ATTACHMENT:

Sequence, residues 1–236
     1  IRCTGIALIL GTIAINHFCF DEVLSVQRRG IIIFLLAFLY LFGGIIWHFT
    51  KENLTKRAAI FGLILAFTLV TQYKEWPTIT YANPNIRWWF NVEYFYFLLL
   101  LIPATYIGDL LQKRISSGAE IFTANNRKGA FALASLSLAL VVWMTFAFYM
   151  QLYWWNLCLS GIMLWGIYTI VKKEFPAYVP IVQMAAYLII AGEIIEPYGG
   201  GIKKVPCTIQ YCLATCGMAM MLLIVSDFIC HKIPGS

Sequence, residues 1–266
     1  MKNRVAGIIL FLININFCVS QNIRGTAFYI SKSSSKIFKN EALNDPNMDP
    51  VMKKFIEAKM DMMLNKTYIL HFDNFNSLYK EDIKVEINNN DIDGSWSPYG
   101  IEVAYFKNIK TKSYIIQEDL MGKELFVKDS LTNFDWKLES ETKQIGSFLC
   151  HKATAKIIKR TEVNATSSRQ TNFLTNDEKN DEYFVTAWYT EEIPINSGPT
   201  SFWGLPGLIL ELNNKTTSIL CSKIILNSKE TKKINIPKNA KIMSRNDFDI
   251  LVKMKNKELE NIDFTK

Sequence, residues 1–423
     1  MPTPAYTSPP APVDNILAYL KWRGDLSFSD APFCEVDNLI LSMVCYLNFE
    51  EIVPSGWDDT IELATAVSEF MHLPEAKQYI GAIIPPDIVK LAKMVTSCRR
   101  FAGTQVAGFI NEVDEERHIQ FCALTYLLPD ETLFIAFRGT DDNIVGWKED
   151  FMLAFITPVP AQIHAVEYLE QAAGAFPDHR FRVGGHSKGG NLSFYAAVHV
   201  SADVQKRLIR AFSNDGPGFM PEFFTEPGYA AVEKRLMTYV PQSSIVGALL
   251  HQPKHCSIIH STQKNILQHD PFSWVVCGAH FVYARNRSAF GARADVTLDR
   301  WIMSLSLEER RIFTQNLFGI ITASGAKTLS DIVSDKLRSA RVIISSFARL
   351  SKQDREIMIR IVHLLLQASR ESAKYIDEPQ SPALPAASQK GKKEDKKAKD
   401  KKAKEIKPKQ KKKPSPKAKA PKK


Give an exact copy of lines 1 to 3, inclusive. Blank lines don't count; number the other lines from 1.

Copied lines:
Sequence, residues 1–236
     1  IRCTGIALIL GTIAINHFCF DEVLSVQRRG IIIFLLAFLY LFGGIIWHFT
    51  KENLTKRAAI FGLILAFTLV TQYKEWPTIT YANPNIRWWF NVEYFYFLLL